Ode (dirge?) to Netbooks Part 1
Yes, the netbooks will eventually go the way of the dinosaur. But ask any 8-year old about dinosaurs and they'll tell you dinosaurs are pretty cool even if they are extinct. I feel the same way about my secondary system, an ASUS EEEPC 1000H that was part of the first generation wave of netbooks released a few years back. Today, everyone craves a tablet, but if I was going to teach Linux or Windows to students, I would hand out netbooks than tablets. They would certainly learn more coding with a solid keyboard than a virtual one.
I'm quite attached to my netbook and spend as much time on it as I do with my primary notebook. To wit, here's my ode to what is now considered an obsolete device:
1. They're real "laptops" - They don't heat up unlike my Acer Aspire and Lenovo Ideapad and you can literally place them on your lap while watching a movie or typing away without fear of laptop burns. They're much more quiet than the lumbering 15" or 17" desktop replacement notebooks equipped with noisy fans. And you don't have to hold it up to your face with your arms for long periods nor do you need to buy an expensive tablet stand. Coding or watching "Fringe" on them is comfortable too.
2. They're cheaper than ultrabooks - In a few months or so, ultrabooks with fancy Thunderbolt ports and SSD storage will be able to match the price of standard laptops. They're powerful machines and I'd love to have a Macbook Air or HP ultraportable myself. But the truth is my netbook's 6-cell battery is still chugging away (3+ hours with an openSUSE 12.1 install) and is still 1/4 (or less) the price of an ultraportable.
3. They're still more productive than a tablet - Even with a aged dual core Intel Atom processor, a netbook can run as a full system whether you have Windows 7 or Linux installed. Although there are less choices for netbooks today, MSI, Samsung, and Toshiba netbooks sport AMD processors or a better graphics chip for watching videos on the go and can even support casual gaming. As a technical instructor, I could certainly see doing volunteer work with a bunch of netbooks for my students. Tablets are great for consuming media but netbooks are efficient for coding and learning how an OS works. They're perfect for teaching Linux and markup language like HTML5 and DocBook.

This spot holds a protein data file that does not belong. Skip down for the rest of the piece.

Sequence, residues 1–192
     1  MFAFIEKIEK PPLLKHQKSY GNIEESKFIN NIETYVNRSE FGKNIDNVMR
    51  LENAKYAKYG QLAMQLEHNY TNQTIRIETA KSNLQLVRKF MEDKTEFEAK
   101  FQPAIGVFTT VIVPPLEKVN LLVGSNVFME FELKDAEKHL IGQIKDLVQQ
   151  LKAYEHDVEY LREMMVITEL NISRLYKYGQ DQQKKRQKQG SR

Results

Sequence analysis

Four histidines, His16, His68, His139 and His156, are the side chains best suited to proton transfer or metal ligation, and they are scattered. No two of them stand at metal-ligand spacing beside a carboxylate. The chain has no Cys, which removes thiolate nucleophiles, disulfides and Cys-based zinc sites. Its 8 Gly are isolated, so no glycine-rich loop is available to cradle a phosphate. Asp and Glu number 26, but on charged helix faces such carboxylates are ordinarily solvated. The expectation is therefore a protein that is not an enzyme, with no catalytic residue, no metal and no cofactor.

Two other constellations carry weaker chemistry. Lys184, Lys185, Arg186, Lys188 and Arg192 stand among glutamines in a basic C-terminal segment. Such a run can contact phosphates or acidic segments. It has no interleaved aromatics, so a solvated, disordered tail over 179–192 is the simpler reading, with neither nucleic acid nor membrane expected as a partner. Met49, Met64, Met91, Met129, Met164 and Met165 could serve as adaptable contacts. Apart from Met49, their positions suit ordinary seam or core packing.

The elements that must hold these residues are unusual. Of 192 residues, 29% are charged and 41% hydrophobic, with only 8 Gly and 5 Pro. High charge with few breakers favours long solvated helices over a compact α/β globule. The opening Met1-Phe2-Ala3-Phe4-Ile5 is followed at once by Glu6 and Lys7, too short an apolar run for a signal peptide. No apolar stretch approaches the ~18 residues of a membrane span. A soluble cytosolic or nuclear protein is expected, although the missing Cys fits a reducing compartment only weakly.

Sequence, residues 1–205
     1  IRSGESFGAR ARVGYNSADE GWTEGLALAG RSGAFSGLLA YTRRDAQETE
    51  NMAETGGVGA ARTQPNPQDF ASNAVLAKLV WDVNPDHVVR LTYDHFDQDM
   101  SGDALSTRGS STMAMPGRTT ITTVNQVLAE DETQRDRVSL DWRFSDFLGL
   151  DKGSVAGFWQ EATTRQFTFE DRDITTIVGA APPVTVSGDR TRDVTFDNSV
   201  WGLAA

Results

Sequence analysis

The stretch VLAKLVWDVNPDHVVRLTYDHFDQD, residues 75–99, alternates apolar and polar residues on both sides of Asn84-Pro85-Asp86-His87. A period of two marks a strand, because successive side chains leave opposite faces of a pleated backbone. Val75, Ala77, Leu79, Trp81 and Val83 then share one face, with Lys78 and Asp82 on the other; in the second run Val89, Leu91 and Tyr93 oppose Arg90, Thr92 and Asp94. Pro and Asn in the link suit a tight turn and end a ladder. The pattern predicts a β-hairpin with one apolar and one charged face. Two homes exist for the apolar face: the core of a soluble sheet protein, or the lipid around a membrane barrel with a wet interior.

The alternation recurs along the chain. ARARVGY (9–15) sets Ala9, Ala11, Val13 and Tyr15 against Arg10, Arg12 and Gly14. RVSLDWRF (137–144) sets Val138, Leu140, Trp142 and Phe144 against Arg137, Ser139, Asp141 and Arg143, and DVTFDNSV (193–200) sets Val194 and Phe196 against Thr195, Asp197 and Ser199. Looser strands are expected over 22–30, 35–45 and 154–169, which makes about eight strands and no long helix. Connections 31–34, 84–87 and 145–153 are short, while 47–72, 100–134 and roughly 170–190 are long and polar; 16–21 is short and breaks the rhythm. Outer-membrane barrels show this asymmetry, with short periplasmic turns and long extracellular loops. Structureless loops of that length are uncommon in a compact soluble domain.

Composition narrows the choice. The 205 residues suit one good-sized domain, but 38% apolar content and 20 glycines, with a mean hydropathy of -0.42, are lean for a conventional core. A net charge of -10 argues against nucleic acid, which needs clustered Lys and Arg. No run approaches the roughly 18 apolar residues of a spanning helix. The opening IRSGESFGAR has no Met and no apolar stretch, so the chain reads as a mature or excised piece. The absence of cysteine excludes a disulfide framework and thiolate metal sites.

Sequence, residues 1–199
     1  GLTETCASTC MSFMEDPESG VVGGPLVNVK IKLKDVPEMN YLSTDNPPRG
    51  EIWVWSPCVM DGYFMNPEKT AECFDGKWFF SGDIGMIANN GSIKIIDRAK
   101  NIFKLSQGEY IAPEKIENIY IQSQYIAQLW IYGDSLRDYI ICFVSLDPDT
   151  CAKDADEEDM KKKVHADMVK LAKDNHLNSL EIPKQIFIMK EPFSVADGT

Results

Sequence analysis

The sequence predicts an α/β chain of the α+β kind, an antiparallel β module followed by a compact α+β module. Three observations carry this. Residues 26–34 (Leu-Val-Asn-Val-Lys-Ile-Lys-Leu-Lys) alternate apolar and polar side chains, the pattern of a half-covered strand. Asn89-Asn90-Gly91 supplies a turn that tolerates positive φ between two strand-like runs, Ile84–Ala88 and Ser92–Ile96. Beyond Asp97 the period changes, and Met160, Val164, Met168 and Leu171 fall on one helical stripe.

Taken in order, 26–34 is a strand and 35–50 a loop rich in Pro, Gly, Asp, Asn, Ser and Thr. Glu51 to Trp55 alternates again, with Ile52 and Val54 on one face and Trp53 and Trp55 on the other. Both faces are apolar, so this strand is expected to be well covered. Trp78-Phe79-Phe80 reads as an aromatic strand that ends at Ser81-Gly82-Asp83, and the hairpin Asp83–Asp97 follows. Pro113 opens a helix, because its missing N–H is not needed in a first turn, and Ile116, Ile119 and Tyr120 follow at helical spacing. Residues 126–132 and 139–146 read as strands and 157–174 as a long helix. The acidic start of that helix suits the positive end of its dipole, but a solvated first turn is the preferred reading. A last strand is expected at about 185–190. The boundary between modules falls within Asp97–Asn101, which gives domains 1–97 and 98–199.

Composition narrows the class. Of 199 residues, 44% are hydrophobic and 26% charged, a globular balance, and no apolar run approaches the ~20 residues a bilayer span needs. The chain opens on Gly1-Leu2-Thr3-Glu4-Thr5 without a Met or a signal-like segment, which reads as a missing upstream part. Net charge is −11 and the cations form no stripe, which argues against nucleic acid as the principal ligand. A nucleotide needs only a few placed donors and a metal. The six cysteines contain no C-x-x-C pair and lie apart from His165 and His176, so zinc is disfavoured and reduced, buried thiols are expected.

4. They don't have clumsy keyboards - Unlike hybrid tablets that support docked keyboards or (worst) smartphone keypads, netbooks actually sport great keyboards by today's standards. I remember a time when everyone was complaining (including sanctimonious CNET reviewers) about the keyboards on a netbook. Reviewers complained about everything from the position of the number keys to the arrow keys. Ironically, very few gripe about the discomfort of a touchscreen keyboard on a smartphone or tablet, so enthralled are consumers with the touchscreen fad. Touch-typing with a netbook, on the other hand, is a breeze. It just takes practice if you have big hands.
5. They double as a portable USB charger and device manager - With a minimum of 3 USB ports and an excellent battery life, netbooks can charge several devices on the go. If you have Windows 7 installed, it doubles as an iTunes server. Even with openSUSE 12.1 installed on my EEEPC 1000H, I can charge and manage the content of my Sony PRS-600, Creative Zen, Nokia e63, and iPod Touch. And of course, there's the multi-card reader slot for my Canon Powershot A2000IS. Take that tablets!